The 1980s: A Chance Discovery, A Complex Emergency

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Freese and Nichols

As we celebrate Freese and Nichols’ 125th anniversary, this series will chronicle company achievements decade by decade. These posts are based on A Century in the Works, written by Deborah Sizemore and published in 1994.

 

Growing more versatile during the 1980s, Freese and Nichols completed numerous signature projects, including Richland-Chambers Reservoir in East Texas; O.H. Ivie Reservoir — whose dam is named after Simon Freese — in West Texas; environmental services for Austin’s Loop 1 overpass crossing Barton Creek; multiple facilities at Fort Bliss in El Paso; and air traffic control and navigation systems for the FAA throughout the Southwest U.S.

The project that received the highest accolades, though, started as a chance discovery and turned into a unique challenge. About an hour west of Fort Worth, the historic Morris Sheppard Dam, impounding  Possum Kingdom Lake on the Brazos River, was slowly sliding downstream.

In December 1986, during a routine five-year inspection required by the Federal Energy Regulatory Commission, Freese and Nichols dam expert Bob Thompson detected signs of movement. He found cracks in the footings of the spillway suggesting structural distress.

Measurements revealed that the dam had slipped about 4.5 inches downstream in the decades since the reservoir filled in 1941. Were it to fail, releasing 570,000 acre-feet of lake water, loss of life and property downstream could be catastrophic. Only the strong construction of the 46-year-old dam — the nation’s largest of the flat slab buttress type — had enabled the WPA-built structure to withstand the unusual forces acting on it. The stresses were well beyond the original design limits.

Working with the Brazos River Authority, owner and operator of the dam and its hydropower plant, the firm investigated the cause of the slippage. Foundation borings found dangerously high hydrostatic pressure in shale seams under the dam. The pressure had built up slowly during the life of the structure and now was exerting a lifting force. That, combined with the weight of water in the reservoir, was gradually nudging the dam downstream. Permanent measures were needed to reduce the pressure and increase the dam’s gravitational resistance to sliding. Freese and Nichols recommended a two-part remedy: Drill relief wells to reduce uplift pressures from water trapped in the dam’s rock foundation, and place crushed rock inside the mostly hollow spillway to increase the structure’s weight and frictional resistance to movement. Bob Gooch was the firm’s principal-in-charge of the work and Bob Thompson was project manager.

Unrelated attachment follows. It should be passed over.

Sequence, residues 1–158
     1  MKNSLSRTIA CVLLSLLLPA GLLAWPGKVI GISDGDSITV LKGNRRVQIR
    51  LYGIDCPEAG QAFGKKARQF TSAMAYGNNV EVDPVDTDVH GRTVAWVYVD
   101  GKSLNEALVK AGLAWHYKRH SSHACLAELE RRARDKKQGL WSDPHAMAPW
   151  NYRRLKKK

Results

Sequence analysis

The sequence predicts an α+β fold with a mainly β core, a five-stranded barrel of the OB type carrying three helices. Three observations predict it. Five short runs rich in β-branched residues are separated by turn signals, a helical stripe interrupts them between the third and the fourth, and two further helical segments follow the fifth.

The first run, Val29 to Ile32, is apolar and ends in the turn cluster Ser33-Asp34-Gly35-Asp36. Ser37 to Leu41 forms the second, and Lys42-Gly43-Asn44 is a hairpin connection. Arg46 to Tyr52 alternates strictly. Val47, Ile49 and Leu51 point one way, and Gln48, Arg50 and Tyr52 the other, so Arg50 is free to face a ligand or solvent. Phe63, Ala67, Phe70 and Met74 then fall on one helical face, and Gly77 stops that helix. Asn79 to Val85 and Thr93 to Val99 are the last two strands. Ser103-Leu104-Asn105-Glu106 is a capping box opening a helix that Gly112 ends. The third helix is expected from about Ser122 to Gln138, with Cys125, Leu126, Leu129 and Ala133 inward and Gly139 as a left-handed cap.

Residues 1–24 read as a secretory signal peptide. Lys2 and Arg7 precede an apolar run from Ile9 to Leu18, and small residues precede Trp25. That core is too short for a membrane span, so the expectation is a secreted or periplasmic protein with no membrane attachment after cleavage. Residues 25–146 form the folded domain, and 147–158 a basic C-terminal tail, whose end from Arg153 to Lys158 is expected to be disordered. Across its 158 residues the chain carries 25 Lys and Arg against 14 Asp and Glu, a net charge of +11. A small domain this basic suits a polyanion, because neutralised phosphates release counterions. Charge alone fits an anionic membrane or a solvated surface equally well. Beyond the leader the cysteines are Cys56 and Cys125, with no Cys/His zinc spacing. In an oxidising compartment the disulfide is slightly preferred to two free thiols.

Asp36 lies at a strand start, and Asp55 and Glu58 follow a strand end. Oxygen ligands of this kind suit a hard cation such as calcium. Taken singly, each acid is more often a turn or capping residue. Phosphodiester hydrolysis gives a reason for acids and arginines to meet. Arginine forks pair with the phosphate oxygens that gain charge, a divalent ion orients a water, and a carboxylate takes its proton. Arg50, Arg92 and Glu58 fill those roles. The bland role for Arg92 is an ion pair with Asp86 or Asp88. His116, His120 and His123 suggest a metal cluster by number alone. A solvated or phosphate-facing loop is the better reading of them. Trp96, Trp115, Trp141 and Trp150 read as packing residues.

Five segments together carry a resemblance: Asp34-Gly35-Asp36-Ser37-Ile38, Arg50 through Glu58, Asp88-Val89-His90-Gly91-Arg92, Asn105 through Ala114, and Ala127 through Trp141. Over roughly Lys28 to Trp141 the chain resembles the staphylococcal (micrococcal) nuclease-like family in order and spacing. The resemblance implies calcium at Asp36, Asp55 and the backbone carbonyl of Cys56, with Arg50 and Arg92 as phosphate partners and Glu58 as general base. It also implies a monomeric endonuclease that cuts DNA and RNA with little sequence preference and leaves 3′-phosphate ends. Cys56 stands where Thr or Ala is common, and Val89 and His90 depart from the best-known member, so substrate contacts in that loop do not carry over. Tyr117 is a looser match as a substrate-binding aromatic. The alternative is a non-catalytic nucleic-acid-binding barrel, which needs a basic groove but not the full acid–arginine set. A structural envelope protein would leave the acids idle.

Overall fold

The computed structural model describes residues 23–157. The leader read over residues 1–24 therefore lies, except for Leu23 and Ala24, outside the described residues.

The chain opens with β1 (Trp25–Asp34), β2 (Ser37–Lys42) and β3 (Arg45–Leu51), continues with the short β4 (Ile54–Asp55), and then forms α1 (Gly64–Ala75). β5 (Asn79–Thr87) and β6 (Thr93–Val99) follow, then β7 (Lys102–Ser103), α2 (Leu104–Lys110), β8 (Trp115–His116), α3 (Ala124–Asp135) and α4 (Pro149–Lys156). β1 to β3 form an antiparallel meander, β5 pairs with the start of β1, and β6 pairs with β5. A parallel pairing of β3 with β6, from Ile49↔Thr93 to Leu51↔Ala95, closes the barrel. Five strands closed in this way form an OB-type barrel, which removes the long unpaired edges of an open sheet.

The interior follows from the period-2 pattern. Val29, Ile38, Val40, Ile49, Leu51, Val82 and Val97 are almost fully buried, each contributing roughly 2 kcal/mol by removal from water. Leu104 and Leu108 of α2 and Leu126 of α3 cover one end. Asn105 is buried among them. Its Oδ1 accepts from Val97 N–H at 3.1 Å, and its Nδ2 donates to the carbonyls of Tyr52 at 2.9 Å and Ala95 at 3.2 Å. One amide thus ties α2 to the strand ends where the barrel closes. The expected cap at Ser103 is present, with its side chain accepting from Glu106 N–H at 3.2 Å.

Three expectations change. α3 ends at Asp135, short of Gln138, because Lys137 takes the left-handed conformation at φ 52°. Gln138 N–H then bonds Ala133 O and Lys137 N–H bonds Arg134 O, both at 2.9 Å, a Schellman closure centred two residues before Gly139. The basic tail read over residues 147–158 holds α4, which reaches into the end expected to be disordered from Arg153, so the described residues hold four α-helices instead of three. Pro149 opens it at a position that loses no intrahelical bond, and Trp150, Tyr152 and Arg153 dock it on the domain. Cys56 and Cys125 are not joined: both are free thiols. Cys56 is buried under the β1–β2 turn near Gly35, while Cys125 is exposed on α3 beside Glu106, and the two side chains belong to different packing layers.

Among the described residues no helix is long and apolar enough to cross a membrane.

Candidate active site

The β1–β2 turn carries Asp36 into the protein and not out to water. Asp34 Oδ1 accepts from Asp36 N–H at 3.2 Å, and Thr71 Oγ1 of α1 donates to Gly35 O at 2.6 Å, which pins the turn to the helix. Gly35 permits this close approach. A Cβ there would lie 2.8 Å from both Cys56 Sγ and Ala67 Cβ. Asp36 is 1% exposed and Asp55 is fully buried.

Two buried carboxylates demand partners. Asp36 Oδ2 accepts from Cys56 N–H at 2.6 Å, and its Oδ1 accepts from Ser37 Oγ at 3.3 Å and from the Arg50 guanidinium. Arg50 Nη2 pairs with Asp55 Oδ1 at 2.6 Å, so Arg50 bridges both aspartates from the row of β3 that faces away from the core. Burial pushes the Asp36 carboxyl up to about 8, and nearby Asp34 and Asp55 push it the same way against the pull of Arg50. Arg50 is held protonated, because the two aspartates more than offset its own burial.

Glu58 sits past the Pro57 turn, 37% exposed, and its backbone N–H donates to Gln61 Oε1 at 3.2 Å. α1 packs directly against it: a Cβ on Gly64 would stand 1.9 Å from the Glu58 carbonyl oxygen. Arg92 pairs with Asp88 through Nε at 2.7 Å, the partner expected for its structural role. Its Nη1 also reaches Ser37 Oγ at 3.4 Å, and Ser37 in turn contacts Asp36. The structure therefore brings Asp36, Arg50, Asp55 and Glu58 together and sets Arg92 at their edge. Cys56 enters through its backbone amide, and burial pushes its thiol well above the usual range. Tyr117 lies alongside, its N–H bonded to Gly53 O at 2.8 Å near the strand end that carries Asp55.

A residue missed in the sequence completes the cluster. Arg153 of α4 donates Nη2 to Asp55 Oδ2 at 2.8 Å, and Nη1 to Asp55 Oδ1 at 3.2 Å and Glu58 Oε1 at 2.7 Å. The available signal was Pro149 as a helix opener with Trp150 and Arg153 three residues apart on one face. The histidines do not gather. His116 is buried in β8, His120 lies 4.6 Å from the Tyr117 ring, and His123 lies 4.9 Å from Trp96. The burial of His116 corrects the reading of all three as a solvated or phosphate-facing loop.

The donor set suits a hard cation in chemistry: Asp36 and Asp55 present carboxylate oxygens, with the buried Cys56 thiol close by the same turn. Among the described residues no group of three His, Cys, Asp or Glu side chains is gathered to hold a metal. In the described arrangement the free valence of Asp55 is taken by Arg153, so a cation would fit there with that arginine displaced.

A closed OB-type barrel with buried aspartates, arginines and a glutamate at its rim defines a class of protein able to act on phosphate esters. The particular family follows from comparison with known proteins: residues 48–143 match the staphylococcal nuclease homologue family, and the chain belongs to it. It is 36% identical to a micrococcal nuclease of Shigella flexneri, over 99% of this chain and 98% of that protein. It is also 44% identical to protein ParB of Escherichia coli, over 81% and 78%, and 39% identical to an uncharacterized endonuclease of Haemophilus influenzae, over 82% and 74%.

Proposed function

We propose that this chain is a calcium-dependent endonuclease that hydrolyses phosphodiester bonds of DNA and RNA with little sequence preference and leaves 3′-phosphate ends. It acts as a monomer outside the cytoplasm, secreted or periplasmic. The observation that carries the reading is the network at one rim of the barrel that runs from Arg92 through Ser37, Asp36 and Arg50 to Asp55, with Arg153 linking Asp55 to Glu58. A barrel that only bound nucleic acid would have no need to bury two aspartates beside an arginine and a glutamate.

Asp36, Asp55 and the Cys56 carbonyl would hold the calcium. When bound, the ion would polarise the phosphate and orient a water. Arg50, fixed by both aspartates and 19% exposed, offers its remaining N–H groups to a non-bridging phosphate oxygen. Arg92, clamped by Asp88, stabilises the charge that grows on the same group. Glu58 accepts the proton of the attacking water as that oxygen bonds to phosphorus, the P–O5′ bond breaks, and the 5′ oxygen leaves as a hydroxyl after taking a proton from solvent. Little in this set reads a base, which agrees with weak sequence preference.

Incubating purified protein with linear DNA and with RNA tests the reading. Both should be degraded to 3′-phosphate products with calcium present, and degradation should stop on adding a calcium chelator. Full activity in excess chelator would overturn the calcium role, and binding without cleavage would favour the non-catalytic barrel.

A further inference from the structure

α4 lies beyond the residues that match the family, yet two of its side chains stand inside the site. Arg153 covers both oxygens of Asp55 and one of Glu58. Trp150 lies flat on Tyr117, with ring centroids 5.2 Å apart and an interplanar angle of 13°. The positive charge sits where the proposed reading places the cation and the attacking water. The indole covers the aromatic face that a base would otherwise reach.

As a safety precaution, the lake was lowered 13 feet while repairs were made. “Dumping” almost one-third of the reservoir’s capacity left boat docks high and dry, curtailed the area’s boat rental and fishing supply business, and threatened major economic harm to the lake community. Kept well informed, however, local citizens made the most of the lake’s low level by publicizing the enhanced fishing.

To give early warning of danger and provide information for solving the stability problem, a precision survey network and instruments to monitor movement and pressure changes were installed. To gain access inside the spillway section of the dam, workers cut holes eight feet in diameter through twenty-four individual, nine-foot-thick concrete buttresses. Drilling through each buttress took three 24-hour work days. Once inside, workers cleared away mud, muck, and debris and then dumped gravel and crushed rock into the bays to form a work platform to support drilling equipment. Drillers sank 147 wells as deep as one hundred feet into the dam’s clay shale foundation. A cracked concrete beam that was channeling water into the foundation was grouted and 66,000 cubic yards of crushed rock were placed inside the spillway for ballast.

  

Repairs were estimated to cost more than twice the dam’s $8.5 million Depression-era construction price.

The National Society of Professional Engineers named Freese and Nichols’ emergency repairs to Morris Sheppard Dam one of the eight outstanding American engineering achievements of 1989. The work also won the Engineering Excellence Award of the Consulting Engineers Council of Texas. Following the first phase of restoration, completed in March 1989, the reservoir was raised to normal levels and the power plant resumed full operations. A second phase of improvements in 1991 included construction of a new 1,400-foot-long emergency spillway to pass the probable maximum flood.

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Our Tampa office is closed this week due to Hurricane Ian.